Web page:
Actors strike: Déjà vu all over again -
Actors strike: Déjà vu all over again
Chris Forrester 22-02-2009
It seems like only yesterday that the Writers Guild of America strike was settled after months of forcing film studios to close and having badly affected Hollywood’s TV output. The WGA strike was settled just over a year ago, on Feb 12 2008, after 3 especially bitter months. Now, the Screen Actors Guild (SAG) is walking a similar path.
The SAG gave warning on Saturday evening, just hours ahead of this year’s Academy Awards bash, that they had rejected Hollywood’s take it or leave it offer. 73% of the SAG’s national board supported the rejection, however full strike action needs a 75% mandate from the whole membership. SAG has more than 120,000 film and TV members.
The studios, via their Alliance of Motion Picture & Television Producers (AMPTP), had offered a deal that they wanted to hold for 3 years to March 2012. The SAG are only looking for a deal to run 3 years after their last deal expired, good only until June 2011. SAG has been working for the past 8 months or so without any sort of deal in place.
The basic argument concerns residuals due on sales of ‘new media’ distribution, such as iTunes as well as DVD and Blu-Ray sales, none of which are currently written into standard contracts.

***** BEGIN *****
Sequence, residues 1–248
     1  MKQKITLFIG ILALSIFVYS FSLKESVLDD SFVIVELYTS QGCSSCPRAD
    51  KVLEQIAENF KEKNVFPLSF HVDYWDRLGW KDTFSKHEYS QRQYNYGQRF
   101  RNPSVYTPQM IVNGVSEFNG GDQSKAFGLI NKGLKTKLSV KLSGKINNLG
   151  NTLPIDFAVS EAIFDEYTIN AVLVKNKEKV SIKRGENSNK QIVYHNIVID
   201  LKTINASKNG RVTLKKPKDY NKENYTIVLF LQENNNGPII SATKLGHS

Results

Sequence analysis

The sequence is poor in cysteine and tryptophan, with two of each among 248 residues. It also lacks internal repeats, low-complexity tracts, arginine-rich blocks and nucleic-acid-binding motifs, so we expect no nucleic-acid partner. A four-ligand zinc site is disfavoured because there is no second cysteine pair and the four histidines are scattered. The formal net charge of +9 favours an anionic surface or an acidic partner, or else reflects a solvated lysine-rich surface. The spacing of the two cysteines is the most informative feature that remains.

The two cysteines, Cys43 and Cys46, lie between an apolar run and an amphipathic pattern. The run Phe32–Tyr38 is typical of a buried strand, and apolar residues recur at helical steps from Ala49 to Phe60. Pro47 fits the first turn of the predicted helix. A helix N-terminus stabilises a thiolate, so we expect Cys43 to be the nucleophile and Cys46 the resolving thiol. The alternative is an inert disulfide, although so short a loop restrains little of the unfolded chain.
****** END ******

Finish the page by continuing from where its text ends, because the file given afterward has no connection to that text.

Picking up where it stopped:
AMPTP’s offer does slightly improve on their former ‘best and final’ terms. This latest one is their “last, best and final” offer. "We entered this round of negotiations sending an unmistakably clear message that we were ready to make a deal," said a SAG statement. “In an effort to put the town back to work, our negotiator agreed to modify the Guild's bargaining position to bring the Guild in line with the deals made by our sister unions. The AMPTPs last-minute, surprise demand for a new term of agreement extending to 2012 is regressive and damaging and clearly signals the employers' unwillingness to agree to the deal they established with other entertainment unions."
The problem now is that there’s a huge degree of uncertainty as to where this leaves SAG members as regards any industrial action. SAG’s New York membership board has opposed going on strike because of the economic situation. Robert Redford and Russell Crowe are reported to have opposed a strike.